"I think what happened is, in the last several weeks, he's become quite concerned about the health of the economy," said Alan Blinder, an economist.
So seems President-elect George W. Bush. "The warning signs are real," he intoned ominously.
Fears were increased by OPEC's announcement Saturday that it would cut oil production by as many as 2 million barrels a day, a move certain to drive up oil, gas and natural gas prices.
The fear of recession also gave a political boost this week to the president-elect's plan for a tax cut, perhaps even one this year. Mr. Bush and many business leaders are pushing the idea that interest rate cuts alone cannot cure the patient, especially since all of the fixes proposed will take at least six months to work.
Now the question is whether the president-elect and the Fed chairman in conflict. Greenspan has always made clear a tax cut is not his first choice, and because of that, some economists believe the Fed acted this week not just to reverse the slide, but to render the tax cut unnecessary.
"Greenspan's move ws partly to preempt the surge for the psychology for 'We need a tax cut, we need a tax cut,' and partly it was to signal that 'Hey, we at the Fed can act a lot faster,' " said Clyde Prestowitz of the Economic Security Institute.
There was some good news this week. A government report released Friday showing that the nation's unemployment rate held steady in December was a welcome bit of good news for America's uncertain economy, but a slight decrease in the average U.S. work week continued to hint at a slowdown.
The 4 percent unemployment rate was better than many analysts had been expecting, given a rash of stories in recent weeks about thousands of job cuts at some of nation's biggest companies that reflected efforts to cope with a rapidly slowing economy.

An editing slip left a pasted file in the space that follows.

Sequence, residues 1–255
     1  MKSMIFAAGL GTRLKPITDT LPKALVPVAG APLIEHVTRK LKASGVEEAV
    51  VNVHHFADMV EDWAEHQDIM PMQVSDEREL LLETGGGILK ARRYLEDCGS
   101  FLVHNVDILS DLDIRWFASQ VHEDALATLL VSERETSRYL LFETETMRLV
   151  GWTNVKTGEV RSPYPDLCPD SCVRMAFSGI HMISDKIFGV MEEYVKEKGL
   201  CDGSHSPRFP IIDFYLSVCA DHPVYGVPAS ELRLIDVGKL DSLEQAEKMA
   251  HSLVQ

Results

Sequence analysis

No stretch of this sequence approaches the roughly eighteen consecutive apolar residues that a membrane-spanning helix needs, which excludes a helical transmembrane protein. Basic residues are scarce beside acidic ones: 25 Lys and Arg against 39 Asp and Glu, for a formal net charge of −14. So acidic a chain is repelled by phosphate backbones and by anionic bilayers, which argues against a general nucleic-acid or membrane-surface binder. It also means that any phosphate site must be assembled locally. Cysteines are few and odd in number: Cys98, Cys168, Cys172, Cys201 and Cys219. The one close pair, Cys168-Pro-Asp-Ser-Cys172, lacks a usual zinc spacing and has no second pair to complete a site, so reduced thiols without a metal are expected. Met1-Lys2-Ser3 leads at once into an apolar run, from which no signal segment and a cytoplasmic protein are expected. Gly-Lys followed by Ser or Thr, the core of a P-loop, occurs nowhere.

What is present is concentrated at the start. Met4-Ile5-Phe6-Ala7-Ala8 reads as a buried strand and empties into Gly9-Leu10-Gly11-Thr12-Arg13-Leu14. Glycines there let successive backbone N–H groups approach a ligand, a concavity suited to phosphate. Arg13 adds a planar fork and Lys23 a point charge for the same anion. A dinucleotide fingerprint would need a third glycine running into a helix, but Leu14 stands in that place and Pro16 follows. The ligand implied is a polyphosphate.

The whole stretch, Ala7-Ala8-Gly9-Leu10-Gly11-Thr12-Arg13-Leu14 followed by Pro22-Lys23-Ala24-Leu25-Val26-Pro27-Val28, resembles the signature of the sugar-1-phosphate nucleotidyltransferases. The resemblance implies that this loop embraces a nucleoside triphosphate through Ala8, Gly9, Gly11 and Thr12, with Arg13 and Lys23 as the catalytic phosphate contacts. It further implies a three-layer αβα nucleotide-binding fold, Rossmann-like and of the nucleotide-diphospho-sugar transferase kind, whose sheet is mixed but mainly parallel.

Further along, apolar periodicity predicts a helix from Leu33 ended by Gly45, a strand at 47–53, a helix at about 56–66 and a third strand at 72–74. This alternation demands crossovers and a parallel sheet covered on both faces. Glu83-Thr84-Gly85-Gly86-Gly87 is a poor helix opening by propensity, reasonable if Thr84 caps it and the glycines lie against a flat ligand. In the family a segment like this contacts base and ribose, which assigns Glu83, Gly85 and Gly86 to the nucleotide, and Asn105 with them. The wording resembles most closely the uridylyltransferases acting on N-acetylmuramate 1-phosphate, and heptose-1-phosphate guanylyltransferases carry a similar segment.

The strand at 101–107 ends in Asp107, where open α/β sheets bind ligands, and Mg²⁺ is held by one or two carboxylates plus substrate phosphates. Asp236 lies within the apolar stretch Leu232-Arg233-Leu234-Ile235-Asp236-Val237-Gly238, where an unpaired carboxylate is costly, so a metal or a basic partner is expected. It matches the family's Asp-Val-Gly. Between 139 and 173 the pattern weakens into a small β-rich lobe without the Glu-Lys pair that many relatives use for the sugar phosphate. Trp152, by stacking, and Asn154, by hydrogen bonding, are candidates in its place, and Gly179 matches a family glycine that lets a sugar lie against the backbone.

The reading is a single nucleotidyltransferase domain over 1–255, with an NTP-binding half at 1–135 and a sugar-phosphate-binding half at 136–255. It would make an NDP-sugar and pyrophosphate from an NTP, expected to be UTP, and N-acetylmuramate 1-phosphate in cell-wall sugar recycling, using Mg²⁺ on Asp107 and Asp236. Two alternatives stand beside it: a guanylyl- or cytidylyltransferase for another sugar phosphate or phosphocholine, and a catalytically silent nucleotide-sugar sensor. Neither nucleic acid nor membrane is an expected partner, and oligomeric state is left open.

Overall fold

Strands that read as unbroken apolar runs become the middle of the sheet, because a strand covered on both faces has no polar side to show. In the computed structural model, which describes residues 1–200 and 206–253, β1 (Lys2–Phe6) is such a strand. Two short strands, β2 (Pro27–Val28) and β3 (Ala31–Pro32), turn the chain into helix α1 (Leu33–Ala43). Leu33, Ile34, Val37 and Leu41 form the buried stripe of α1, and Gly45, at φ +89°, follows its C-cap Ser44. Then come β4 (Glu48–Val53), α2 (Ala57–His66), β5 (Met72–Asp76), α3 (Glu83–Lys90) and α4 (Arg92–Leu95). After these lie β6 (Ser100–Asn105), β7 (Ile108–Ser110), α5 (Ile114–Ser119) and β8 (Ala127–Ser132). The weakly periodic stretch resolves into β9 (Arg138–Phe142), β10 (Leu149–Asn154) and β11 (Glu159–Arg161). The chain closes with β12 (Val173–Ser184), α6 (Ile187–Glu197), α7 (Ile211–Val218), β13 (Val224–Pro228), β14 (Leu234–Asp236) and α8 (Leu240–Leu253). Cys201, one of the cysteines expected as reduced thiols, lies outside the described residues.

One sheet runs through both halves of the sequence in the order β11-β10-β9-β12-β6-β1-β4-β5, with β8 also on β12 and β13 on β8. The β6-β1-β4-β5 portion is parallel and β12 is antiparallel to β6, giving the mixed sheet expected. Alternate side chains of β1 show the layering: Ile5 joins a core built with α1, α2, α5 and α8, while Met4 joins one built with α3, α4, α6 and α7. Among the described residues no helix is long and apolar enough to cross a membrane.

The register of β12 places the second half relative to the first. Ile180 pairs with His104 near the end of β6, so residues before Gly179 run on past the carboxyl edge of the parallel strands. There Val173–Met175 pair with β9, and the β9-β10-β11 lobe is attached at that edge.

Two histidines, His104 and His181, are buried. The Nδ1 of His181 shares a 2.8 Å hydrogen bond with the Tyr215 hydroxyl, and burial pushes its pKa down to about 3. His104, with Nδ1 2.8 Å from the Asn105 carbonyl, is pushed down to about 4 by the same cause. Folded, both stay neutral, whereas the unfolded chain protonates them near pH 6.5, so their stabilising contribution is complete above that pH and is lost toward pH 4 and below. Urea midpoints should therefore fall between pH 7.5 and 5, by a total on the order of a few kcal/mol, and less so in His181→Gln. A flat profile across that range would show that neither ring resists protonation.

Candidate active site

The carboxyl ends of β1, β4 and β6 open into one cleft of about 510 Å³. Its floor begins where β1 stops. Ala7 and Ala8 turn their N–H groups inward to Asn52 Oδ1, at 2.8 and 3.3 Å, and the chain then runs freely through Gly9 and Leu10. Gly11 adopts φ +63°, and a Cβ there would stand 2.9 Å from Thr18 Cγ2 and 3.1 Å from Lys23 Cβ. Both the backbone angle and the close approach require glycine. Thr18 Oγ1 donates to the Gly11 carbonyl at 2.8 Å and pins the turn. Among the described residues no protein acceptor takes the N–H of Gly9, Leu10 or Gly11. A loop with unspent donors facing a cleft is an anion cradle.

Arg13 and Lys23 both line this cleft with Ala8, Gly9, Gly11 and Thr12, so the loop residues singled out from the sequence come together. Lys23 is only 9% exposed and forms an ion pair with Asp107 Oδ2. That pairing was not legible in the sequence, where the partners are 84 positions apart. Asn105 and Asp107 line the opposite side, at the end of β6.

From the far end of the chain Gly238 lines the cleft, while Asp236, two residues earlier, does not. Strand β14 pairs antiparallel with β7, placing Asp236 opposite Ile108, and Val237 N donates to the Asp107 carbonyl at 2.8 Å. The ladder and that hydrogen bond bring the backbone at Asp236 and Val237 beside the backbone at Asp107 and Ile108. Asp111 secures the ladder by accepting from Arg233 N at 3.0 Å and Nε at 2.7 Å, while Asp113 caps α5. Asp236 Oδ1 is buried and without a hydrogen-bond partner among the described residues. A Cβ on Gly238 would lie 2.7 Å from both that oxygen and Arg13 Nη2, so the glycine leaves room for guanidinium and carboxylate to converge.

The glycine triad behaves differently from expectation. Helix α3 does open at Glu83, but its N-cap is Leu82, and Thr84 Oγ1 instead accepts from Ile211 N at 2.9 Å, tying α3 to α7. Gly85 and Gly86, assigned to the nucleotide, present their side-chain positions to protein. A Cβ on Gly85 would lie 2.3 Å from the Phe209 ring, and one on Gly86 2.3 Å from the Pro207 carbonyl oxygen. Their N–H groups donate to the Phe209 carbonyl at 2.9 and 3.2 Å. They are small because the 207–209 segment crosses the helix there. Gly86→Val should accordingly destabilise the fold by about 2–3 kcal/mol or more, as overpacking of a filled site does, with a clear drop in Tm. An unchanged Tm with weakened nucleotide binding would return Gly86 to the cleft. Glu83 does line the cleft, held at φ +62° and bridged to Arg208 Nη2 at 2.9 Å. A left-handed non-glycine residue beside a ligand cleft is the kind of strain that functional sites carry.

"This report doesn't indicate that things are as bleak as some are saying. The fundamentals of this economy are very strong," said Labor Secretary Alexis Herman.
But, reports CBS News Business Correspondent Anthony Mason, the Labor Department figures also showed that the average work week shrunk last month from 34.3 hours to 34.1 hours.
"That has the same sort of impact on the economy as an additional loss of about 700,000 jobs," said Lehman Brothers economist Stephen Slyfer. "What it means is that people are working fewer hours, which means they are producing fewer goods, which means that that the economy must be a lot weaker."
The 12-minute loss was due to decreases in the average factory workweek and overtime hours.
As the new numbers came, so did word of more layoffs. Internet retailer eToys said it will fire 700 of its 1,000 employees and Bausch & Lomb, the world's largest eye-care company, will slash 800 jobs.
Despite that slowdown, the unemployment rate for all of 2000 averaged 4 percent. That was the best showing since a 3.5 percent jobless rate in 1969. The 1999 rate averaged 4.2 percent.
The unemployment rate dropped to a 30-year low of 3.9 percent during three months of 2000. Economists are forecasting jobless rate could rise to 5 percent by the end of 2001.
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